How much do depression cost? (Kessler): Psychiatr Clin N Am: 2012


World Health Organization (WHO) ranks major depressive disorder (MDD) as the fourth leading cause of disability worldwide.Prevalence is increasing and it will be the second leading cause of disability by 2020. In developed countries, it is already the number one cause for disabilities.

First cross national data ( Weissman,1996) on prevalence estimated the life time prevalence ( mid point) to be 10%. one year prevalence is  3.7%. later on, using diagnostic interview method (WHO) these figures were confirmed.Moussavi and associates  (2007) reported 12-month prevalence of 3.2%  from the massive  WHO World Health Survey ( 60-countries). Bromet and co- workers (2011)  reported  ( WMH- 18 countries)  mean lifetime  prevalence of 15% and 12-month prevalence of  5.5%.  High-income countries have higher prevalence.

It is surprising that people in higher income countries experience more stress than those in  lower-income countries.Depression is also suggested as a disease of affluence. It is also recognised that income inequality, which is for the most part greater in high- than low- or middle-income countries, promotes a wide variety of chronic conditions  including depression.

Substantial proportion of people who seek treatment for major depression have a chronic–recurrent course of illness. The finding that lifetime prevalence is 2 to 3 times that of 12-month prevalence suggests that between one third and one half of lifetime cases have recurrent episodes in a given year.

How do we examine the cost of depression? 

1. Education: Depression is associated with a roughly 60% elevated odds of failure to complete secondary school than otherwise comparable youth in high-income countries.

2. Employment: Job loss  leads to depression. Depression is  detrimental to work progress.

3. Quality of marriage:  Early onset  depression is associated with low probability of marriage.Depression predicts divorce. Marital dissatisfaction and discord are strongly related to depressive symptoms and this relationship is bidirectional. Longitudinal studies consistently find that premarital history of mental disorders, including depression, predict subsequent marital violence and victimization. Recent analysis show depression as a marker rather than a risk factor for this. ( ie depression is part of substance use or disruptive behavioral disorders)

4.Parental functioning: A number of studies have documented significant associations of both maternal and paternal depression with negative parenting behaviors.

5. Role loss: Depression is associated with the highest number of days out of role at the societal level of any physical or mental disorder.Human capital value of these loss were estimated to be in the range $30.1 billion65 to $51.5 billion in USA.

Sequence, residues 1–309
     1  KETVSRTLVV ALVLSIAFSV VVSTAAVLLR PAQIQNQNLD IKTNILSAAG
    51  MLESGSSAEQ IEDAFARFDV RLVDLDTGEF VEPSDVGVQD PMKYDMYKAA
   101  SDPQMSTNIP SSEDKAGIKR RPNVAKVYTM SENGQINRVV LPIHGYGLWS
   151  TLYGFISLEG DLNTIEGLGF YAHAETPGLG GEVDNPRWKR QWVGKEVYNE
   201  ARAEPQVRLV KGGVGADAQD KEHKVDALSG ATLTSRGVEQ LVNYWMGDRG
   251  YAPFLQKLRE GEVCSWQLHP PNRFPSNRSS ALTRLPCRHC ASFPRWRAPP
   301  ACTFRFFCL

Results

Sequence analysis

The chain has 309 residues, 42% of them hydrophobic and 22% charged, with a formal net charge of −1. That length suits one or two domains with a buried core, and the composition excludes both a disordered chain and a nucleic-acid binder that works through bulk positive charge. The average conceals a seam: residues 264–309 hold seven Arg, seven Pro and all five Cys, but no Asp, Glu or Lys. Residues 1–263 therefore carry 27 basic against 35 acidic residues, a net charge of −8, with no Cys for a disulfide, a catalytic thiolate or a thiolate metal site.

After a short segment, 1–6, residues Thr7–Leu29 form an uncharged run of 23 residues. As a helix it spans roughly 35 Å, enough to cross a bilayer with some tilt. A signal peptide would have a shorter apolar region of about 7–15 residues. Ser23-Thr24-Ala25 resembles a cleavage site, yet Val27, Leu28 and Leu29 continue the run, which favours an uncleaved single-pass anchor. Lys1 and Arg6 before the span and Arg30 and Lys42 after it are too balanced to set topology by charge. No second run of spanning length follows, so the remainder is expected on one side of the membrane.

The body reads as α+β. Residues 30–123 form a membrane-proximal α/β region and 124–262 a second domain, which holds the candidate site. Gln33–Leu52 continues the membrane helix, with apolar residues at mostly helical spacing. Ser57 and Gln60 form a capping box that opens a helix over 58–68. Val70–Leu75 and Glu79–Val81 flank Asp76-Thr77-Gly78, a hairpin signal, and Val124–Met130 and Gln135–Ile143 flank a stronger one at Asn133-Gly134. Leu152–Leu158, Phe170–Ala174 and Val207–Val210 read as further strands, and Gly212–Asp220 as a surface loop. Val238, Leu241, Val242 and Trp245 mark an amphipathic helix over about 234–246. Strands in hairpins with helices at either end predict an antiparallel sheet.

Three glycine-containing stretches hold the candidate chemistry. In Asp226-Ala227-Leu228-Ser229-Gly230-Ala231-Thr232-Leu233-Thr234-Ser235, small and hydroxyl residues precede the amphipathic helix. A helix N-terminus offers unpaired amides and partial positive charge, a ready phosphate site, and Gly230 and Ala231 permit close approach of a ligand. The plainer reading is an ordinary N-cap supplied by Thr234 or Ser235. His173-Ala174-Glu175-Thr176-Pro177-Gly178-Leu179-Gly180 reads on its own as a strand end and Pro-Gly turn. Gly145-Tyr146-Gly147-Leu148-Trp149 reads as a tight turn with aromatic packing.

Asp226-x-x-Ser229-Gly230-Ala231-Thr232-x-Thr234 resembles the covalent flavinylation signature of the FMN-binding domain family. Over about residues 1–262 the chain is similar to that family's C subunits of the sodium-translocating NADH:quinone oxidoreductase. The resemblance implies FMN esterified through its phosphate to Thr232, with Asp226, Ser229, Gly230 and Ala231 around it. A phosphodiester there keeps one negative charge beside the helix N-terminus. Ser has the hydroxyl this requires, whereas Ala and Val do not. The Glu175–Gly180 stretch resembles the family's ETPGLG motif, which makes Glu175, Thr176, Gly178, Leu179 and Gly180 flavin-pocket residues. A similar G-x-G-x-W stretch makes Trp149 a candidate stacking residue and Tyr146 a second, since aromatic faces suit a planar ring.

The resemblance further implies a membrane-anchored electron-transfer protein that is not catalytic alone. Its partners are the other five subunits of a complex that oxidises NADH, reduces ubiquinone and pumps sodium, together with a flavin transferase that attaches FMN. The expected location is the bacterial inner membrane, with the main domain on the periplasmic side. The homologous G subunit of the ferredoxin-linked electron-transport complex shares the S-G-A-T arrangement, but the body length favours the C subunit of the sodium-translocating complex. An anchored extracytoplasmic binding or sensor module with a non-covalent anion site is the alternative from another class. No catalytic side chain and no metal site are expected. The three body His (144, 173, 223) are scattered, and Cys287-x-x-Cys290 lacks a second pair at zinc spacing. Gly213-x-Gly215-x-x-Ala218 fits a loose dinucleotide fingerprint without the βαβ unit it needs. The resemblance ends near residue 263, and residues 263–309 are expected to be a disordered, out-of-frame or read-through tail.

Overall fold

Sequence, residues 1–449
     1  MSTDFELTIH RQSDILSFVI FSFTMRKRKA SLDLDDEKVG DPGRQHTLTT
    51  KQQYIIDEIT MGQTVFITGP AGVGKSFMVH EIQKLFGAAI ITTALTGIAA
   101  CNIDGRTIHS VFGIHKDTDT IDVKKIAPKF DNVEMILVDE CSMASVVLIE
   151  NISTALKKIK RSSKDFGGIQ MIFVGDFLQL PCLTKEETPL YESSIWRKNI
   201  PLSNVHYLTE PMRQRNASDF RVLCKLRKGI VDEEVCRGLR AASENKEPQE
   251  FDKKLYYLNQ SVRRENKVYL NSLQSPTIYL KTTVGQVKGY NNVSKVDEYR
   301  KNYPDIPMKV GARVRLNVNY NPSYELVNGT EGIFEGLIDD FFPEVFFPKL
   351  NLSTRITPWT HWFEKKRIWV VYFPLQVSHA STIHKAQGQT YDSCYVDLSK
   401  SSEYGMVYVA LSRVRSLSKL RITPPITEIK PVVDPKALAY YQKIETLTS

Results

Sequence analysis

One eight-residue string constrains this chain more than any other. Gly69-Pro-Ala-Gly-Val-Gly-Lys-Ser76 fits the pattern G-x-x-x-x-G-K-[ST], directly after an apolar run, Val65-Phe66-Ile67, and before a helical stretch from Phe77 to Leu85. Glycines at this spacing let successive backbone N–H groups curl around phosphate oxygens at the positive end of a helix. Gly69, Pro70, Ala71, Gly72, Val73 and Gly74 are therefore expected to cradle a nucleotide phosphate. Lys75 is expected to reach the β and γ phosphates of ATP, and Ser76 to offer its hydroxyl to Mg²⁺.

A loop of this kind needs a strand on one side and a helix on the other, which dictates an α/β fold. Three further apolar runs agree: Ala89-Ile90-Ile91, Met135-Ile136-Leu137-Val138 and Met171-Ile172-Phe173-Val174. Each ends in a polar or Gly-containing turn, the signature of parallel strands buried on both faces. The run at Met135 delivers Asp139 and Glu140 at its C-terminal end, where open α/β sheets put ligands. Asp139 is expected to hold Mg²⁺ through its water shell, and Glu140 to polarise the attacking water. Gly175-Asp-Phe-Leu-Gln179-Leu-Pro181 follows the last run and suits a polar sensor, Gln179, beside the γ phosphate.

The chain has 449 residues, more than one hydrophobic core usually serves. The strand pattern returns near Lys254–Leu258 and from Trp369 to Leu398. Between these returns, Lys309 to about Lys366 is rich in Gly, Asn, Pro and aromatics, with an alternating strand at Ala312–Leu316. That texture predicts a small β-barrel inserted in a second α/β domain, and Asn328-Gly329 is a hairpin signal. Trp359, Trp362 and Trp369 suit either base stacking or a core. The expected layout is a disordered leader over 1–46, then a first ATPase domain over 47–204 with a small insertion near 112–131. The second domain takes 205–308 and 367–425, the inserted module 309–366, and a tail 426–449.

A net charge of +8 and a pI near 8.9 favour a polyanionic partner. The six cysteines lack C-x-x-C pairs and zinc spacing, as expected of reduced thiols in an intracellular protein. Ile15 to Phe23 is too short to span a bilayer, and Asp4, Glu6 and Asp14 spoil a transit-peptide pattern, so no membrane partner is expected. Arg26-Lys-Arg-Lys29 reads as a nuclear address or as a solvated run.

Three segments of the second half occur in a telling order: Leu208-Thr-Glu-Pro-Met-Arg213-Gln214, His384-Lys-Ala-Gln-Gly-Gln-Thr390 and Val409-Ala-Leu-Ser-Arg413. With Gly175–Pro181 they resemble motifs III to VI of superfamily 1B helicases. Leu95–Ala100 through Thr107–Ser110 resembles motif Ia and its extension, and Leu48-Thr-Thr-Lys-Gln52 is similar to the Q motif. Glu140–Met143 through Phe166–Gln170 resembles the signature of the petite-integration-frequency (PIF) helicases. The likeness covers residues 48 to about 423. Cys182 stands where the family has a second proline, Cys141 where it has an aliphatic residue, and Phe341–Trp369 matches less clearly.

6.Personal financial loss: the personal earnings and household income of people with depression are substantially lower than those of people without depression.Depression in childhood and adolescence predicts reduced income earnings in adulthood.

7.Impairment: : MDD and bipolar disorder were the mental disorders most often rated severely impairing in both developed and developing countries. None of the physical disorders considered had impairment levels as high as those for MDD or bipolar disorder despite the fact that the physical disorders included such severe conditions as cancer, diabetes, and heart disease.

8.Morbidity: It is now well established that MDD is significantly associated with a wide variety of chronic physical disorders, including arthritis, asthma, cancer, cardiovascular disease, diabetes, hypertension, chronic respiratory disorders, and a variety of chronic pain conditions.Depression is a causal risk factor, it leads to an increased prevalence of these physical disorders, with all their associated financial costs, impairments, and increased mortality risk. Depression is a consistent predictor of the subsequent first onset of coronary artery disease, stroke, diabetes, heart attacks,and certain types of cancer.

9. Mortality: Depression is associated with a significantly elevated risk of early death.This is true partly because people with depression have a high suicide risk.Depression is a risk factor for cardiovascular mortality due to heart attack and stroke among people with cardiovascular disease.

The high prevalence, early age of onset, and high persistence of depressive disorders and the fact that it is increasing should alert Governments/ employers worldwide to consider interventions.Workplace depression treatment effectiveness trials have  evaluated the cost effectiveness of expanded treatment from an employer perspective and showed positive returns on investment to employers.

The proportion of people with depression who receive treatment remains low in the United States and even lower in other parts of the world. A recent US study found that only about half of workers with MDD received treatment in the year of interview and that fewer than half of treated workers received treatment consistent with published treatment guidelines.

Depression is a global disaster: This is the theme of  this year’s ( TODAY) World Mental Health day.

Summary of article: The Costs of Depression: Kessler: Psychiatr Clin N Am 35 (2012) 1–14

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